Thomas N. Taylor is a distinguished Professor in the Department of Ecology and Evolutionary Biology, and Curator of Paleobotany in the Natural History Museum and Biodiversity Research Center at the University of Kansas. He also holds a courtesy appointment in the Department of Geology. He received his Ph.D. in botany from the University of Illinois, and was a National Science Foundation Postdoctoral Fellow at Yale University. He is a member of the National Academy of Sciences. His research interests include Permian and Triassic biotas of Antarctica, early land plant-fungal interactions, the origin and evolution of reproductive systems in early land plants, symbiotic systems through time, and the biology and evolution of fossil microbes.
Edith L. Taylor has been a Professor of Ecology and Evolutionary Biology and Senior Curator of Paleobotany in the Natural History Museum and Biodiversity Research Center at the University of Kansas since 1995, and also serves as a Courtesy Professor of Geology. She received her Ph.D. in paleobotany from the Ohio State University, where she was an American Association of University Women Dissertation Fellow. She is the author of seven books or edited volumes, and more than 140 publications. She was elected a Fellow of the American Association for the Advancement of Science in 1992. Her research interests include fossil wood growth and paleoclimate, Permian and Triassic permineralized plants from Antarctica, distribution and diversity of Permian-Triassic Antarctic floras, and the structure and evolution of fossil phloem.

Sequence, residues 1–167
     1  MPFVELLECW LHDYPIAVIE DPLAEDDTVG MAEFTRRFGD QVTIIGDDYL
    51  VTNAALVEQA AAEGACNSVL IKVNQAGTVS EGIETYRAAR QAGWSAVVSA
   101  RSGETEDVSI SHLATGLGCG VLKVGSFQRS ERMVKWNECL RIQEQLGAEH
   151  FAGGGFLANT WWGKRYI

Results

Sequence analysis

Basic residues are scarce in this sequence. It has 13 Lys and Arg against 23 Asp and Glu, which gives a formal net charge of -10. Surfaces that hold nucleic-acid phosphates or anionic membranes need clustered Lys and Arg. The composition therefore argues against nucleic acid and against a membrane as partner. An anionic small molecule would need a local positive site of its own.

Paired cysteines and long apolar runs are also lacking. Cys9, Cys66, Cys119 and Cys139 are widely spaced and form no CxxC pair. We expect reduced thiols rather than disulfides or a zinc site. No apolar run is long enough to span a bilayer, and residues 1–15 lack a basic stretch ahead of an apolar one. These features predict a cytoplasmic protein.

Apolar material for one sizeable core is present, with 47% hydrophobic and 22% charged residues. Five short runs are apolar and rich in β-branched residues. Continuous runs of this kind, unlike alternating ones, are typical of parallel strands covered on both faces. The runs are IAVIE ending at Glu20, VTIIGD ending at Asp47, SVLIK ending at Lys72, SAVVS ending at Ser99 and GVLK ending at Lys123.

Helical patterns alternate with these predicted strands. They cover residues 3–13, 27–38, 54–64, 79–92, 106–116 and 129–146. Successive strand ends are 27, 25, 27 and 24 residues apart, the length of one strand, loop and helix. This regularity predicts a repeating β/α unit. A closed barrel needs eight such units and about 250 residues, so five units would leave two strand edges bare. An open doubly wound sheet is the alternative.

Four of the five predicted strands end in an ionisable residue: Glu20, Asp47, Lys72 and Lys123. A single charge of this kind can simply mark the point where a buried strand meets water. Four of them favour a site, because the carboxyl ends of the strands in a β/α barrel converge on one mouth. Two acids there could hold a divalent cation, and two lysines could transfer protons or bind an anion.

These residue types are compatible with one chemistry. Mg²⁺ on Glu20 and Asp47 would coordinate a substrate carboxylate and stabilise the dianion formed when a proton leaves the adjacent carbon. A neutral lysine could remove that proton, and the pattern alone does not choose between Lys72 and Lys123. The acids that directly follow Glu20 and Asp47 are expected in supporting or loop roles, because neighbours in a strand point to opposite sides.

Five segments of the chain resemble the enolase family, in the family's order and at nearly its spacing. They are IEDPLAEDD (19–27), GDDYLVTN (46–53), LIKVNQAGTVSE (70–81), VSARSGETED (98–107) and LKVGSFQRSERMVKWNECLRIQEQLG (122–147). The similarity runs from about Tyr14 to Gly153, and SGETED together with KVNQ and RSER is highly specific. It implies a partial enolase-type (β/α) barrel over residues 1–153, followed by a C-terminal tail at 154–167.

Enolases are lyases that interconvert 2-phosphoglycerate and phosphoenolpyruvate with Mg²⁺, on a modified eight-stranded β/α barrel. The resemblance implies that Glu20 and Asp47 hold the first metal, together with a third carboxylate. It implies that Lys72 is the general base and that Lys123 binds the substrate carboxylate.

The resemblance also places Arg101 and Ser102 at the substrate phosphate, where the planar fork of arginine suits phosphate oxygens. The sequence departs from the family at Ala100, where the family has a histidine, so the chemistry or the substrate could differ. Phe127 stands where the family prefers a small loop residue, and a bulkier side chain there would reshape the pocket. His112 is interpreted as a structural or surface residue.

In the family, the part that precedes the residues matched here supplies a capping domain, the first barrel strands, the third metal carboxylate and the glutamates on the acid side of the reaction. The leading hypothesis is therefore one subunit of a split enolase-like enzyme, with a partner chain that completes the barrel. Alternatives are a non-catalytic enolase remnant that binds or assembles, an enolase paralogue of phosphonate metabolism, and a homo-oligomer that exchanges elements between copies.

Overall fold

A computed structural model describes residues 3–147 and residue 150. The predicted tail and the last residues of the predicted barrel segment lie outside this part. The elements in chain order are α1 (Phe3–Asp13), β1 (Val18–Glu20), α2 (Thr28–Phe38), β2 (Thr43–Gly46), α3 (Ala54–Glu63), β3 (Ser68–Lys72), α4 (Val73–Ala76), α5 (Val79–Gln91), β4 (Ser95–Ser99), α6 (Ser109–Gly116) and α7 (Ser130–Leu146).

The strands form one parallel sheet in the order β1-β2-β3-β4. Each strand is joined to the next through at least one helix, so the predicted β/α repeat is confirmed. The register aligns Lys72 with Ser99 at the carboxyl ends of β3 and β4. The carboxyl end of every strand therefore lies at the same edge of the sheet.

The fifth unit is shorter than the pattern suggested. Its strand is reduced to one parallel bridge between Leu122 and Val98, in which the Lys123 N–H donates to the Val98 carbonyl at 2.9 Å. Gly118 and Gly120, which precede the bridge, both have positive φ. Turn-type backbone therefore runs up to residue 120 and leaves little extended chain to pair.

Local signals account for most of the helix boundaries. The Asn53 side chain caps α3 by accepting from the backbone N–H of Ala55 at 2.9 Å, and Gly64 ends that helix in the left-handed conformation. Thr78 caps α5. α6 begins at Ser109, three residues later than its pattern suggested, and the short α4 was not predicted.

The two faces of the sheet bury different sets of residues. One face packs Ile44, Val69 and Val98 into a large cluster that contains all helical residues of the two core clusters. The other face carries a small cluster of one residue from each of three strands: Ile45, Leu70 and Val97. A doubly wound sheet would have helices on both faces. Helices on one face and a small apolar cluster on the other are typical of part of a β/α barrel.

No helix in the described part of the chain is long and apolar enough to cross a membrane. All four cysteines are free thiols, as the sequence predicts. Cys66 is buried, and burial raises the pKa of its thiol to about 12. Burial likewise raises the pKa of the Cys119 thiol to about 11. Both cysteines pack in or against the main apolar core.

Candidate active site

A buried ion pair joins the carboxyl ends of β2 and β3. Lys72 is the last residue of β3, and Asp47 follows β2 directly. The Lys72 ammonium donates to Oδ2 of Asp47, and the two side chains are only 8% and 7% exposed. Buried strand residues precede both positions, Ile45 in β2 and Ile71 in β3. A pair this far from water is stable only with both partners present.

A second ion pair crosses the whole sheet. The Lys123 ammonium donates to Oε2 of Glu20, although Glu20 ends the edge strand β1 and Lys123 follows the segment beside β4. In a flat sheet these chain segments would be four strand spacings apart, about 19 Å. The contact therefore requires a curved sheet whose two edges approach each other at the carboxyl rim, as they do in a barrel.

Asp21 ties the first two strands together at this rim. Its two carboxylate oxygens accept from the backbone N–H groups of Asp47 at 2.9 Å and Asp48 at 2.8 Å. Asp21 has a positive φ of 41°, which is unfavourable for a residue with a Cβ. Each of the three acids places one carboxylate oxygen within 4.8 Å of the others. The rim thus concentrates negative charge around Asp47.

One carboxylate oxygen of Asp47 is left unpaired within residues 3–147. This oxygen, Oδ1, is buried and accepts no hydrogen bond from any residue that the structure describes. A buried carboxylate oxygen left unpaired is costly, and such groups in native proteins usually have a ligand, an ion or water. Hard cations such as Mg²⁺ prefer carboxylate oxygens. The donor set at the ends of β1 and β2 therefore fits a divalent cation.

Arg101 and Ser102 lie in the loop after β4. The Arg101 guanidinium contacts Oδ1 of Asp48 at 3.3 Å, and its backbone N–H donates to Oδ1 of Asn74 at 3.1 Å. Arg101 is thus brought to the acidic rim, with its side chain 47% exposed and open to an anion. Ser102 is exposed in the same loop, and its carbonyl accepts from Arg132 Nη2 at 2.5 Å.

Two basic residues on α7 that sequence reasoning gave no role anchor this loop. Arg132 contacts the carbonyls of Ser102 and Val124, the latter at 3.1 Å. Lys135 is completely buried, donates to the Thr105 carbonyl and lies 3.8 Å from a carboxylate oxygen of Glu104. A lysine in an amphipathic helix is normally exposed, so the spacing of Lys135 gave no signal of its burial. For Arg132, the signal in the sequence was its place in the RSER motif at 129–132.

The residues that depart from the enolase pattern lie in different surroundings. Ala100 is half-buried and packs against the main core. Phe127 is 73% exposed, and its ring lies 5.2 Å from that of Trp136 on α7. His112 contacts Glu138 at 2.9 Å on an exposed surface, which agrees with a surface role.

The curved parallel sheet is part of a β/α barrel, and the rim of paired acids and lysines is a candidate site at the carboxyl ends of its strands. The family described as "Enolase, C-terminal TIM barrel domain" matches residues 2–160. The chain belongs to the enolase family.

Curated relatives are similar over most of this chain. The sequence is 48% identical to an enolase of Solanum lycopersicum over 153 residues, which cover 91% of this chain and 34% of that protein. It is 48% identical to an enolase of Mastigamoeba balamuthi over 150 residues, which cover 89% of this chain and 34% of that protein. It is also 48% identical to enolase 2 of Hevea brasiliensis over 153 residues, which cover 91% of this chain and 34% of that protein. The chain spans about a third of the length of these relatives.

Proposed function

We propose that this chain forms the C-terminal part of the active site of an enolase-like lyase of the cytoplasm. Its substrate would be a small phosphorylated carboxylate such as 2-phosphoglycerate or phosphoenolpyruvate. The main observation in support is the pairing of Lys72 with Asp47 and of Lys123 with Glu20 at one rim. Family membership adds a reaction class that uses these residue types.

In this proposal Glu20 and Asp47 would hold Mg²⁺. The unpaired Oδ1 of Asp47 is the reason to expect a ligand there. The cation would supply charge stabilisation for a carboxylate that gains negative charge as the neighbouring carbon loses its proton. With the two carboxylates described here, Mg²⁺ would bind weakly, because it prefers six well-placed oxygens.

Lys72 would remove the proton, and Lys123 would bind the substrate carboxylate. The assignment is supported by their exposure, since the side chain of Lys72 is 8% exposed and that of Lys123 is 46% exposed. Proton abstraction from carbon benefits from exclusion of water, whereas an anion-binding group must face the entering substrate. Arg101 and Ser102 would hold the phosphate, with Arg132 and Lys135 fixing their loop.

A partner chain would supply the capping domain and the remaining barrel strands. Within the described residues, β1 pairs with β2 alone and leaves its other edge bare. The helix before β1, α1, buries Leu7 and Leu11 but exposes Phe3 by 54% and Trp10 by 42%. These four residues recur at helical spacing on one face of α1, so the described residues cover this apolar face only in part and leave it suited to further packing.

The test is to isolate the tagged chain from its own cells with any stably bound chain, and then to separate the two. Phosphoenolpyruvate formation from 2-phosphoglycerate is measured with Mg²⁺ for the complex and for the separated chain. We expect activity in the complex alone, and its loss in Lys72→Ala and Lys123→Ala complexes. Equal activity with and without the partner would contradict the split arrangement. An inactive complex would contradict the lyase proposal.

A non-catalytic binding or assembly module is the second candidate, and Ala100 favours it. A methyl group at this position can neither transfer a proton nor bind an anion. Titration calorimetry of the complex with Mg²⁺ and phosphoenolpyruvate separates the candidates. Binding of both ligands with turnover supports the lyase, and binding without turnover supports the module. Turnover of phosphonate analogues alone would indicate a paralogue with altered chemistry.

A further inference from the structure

Michael Krings is Curator for Fossil Plants in the Bavarian State Collection for Palaeontology and Geology (BSPG) at Munich, Germany, and Professor of Plant Paleobiology at the Ludwig-Maximilians-Universität, Munich. He also holds an affiliate faculty position in the Department of Ecology and Evolutionary Biology at the University of Kansas. He received his Ph.D. in botany from the University of Münster, Germany, and was an Alexander von Humboldt Foundation Postdoctoral Fellow at the University of Kansas. His research interests include Carboniferous, Permian, and Triassic seed plants from Europe and North America, and the biology and ecology of microorganisms in late Paleozoic terrestrial ecosystems.
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The Earth is a vast cemetery where the rocks are tombstones on which the buried dead have written their own epitaphs.
... intoxicated joy and amazement at the beauty and grandeur of this world, of which man can just form a faint notion.
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